Former Vice President Dick Cheney’s new memoir-In My Time: A Personal and Political Memoir, released today- has renewed the well-documented feuds that plagued former President George W. Bush’s initial national security team.
Early reviews of the memoirs say Cheney has some harsh words for many of his former colleagues, including both of Bush’s Secretaries of State Colin Powell and Condoleezza Rice. Both of the Secretaries of State were considered moderates during their tenures in that position, often leaving them at odds the more Hawkish members of Bush’s national security team including Vice President Cheney. Powell-along with his Deputy and best friend Richard Armitage- were reported to be widely skeptical of the wisdom of attacking Iraq.
A New York Times’review of Cheney’s memoirs, for instance, says the Vice President acknowledges encouraging President Bush to accept Powell’s resignation in 2004. The same review says that Cheney took issue with Powell for the latter’s alleged tendency to voice opposition with the President’s decisions “by criticizing administration policy to people outside the government.”
In typical fashion, Cheney has not shied away from embracing these characterizations. In a recent interview with “Dateline,” the former Vice President predicted “there are gonna be heads exploding all over Washington,’’ referring to the impact his book would have.
On Sunday Colin Powell took to the airwaves to hit back at Cheney. On CBS’ “Face the Nation” Powell had some harsh words for his former colleague of two administrations (Powell served as Chairman of the Joint Chiefs of Staff in the George H.W. Bush administration when Cheney was Secretary of Defense) calling Cheney’s remarks “cheap shots”.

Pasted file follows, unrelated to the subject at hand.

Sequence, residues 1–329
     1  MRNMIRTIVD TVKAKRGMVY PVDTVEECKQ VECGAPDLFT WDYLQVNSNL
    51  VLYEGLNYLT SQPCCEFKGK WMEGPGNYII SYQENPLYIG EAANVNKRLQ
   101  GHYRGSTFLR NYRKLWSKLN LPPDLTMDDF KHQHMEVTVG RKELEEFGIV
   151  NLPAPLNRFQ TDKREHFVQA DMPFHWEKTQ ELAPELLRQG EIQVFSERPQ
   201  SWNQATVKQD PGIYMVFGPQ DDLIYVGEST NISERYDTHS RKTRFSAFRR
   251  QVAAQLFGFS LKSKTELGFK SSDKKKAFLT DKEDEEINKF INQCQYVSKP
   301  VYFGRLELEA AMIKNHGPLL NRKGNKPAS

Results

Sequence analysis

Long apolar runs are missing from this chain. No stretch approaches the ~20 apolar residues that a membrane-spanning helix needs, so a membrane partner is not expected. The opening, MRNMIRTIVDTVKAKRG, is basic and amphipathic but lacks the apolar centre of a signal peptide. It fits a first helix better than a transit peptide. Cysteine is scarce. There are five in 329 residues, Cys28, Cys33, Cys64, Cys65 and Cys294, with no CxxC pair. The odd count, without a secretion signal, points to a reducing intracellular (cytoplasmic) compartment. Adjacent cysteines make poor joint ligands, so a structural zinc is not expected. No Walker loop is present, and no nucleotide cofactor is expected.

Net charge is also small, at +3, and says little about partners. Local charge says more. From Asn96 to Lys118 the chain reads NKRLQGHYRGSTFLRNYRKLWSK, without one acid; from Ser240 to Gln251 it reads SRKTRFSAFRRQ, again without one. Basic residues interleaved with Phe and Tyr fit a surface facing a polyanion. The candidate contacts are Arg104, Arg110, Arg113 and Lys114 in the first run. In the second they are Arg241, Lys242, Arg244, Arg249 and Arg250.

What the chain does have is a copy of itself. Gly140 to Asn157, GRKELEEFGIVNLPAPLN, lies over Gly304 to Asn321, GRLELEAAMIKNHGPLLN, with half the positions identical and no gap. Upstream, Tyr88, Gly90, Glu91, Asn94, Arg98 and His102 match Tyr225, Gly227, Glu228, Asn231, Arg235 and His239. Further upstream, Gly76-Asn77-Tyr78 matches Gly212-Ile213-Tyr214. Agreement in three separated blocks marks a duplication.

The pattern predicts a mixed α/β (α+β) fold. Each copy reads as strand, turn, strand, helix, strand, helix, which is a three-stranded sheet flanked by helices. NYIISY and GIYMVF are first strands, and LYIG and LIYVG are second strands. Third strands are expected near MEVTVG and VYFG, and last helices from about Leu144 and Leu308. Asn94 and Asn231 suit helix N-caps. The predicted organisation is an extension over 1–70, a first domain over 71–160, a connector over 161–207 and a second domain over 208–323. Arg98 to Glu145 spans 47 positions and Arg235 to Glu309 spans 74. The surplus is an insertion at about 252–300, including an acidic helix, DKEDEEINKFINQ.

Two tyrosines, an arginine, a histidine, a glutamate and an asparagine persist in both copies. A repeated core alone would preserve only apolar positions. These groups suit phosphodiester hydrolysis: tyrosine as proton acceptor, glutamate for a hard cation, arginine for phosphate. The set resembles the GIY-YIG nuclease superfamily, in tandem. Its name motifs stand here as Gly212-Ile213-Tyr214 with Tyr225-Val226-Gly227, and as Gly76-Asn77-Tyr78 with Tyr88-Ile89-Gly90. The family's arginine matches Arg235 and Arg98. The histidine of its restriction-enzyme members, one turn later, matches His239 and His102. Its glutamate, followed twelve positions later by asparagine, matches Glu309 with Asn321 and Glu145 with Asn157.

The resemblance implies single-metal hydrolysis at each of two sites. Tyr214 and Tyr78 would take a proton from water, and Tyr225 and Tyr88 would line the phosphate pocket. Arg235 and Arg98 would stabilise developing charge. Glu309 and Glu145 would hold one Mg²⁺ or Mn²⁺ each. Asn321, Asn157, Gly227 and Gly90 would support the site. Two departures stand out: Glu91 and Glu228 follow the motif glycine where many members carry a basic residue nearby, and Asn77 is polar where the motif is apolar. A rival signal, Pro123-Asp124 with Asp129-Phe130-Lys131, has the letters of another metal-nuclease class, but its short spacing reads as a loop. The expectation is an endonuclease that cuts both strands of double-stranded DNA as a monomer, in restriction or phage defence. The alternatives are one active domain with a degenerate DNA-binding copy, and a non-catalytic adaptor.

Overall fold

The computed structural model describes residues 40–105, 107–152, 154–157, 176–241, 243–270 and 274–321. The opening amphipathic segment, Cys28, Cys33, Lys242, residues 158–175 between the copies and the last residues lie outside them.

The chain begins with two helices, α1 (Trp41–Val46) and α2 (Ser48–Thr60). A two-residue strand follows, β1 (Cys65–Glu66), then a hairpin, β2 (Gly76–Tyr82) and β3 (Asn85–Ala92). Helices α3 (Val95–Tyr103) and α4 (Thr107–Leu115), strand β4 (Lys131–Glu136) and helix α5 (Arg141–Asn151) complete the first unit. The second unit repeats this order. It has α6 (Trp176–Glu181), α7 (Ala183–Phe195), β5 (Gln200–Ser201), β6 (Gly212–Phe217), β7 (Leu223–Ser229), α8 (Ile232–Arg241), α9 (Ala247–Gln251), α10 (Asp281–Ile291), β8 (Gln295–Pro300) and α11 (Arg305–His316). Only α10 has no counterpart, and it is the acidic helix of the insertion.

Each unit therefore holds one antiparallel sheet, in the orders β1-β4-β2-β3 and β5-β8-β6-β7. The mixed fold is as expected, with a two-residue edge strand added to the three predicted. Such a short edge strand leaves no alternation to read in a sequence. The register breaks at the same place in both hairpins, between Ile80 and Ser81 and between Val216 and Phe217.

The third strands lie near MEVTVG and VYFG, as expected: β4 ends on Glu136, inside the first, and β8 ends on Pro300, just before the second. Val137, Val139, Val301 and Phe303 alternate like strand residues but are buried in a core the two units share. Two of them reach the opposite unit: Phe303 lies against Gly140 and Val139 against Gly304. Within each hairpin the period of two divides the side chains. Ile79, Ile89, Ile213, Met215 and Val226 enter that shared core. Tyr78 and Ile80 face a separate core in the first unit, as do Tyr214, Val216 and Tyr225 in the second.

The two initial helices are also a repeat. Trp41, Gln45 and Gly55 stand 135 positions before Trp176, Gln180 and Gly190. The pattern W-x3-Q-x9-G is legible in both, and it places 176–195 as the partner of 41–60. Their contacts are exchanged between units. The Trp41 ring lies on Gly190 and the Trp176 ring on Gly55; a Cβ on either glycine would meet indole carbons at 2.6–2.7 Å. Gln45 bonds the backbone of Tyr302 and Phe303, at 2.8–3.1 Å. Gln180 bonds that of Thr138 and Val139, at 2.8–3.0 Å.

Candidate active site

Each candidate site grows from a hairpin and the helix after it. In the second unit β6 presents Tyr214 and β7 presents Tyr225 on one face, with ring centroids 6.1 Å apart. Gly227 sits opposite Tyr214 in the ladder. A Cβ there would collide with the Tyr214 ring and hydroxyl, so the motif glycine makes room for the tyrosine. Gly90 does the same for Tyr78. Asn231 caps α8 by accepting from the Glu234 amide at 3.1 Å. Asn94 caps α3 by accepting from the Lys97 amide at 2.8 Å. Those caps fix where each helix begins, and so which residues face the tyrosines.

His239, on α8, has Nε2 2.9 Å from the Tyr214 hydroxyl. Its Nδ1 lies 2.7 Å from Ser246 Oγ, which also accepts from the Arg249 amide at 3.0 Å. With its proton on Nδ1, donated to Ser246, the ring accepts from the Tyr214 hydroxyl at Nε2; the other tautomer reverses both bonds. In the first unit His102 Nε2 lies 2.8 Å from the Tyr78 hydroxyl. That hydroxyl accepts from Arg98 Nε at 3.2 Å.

“My head isn’t exploding and I haven’t noticed any other head is exploding in Washington, DC, and the explosive part of the book. And when Mister Cheney says its explosive but what I have read in the newspapers and seen on television, it’s essentially a rehash of the events of seven or eight years ago,” Powell said in response to a question from “Face the Nation” host Bob Schieffer.
Powell then added, “What really sort of got my attention was this way in which he characterized it, it’s going to cause heads to explode. That’s quite a visual and in fact, the kind of headline I would expect to come out a gossip column, that’s the kind of headline you might see one of the super market tabloids write. It was not the kind of headline I would have expected to come from a former Vice President of the United States of America.” The former Secretary of State also denies Cheney’s allegations that he vented his frustrations with administration policy to people outside the government.
Cheney’s memoirs also reveal that he drafted a resignation letter early in the administration, which he told an aide to give to the President in case he suffered a heart attack and became incapacitated. The former Vice President also writes in the book that he urged the President to attack a suspected nuclear reactor site in Syria in 2007, but the President sided with other members of the administration who opposed the idea. Israel eventually destroyed the reactor during an airstrike in September 2007.
Overall the initial reviews of the books suggest that Cheney will simply confirm what is already widely known about his role in the administration; for example, that he usually took hawkish positions on national security issues and that his influence in the administration was greatly reduced in the last few years.
With the release of his memoir today, Cheney joins a long list of senior Bush administration officials who have published books about their time in the administration including: White House Press Secretary Scott McClellan, Commander of U.S. Central Command (in charge of Middle East) Gen. Tommy Franks, political operative Karl Rove, Secretary of Defense Donald Rumsfeld, Undersecretary of Defense for Policy Douglas Feith, CIA Director George Tenet, and the President himself. Condoleezza Rice is set to publish her own memoirs on November 1st of this year, tentatively titled No Higher Honor: A Memoir of My Years in Washington.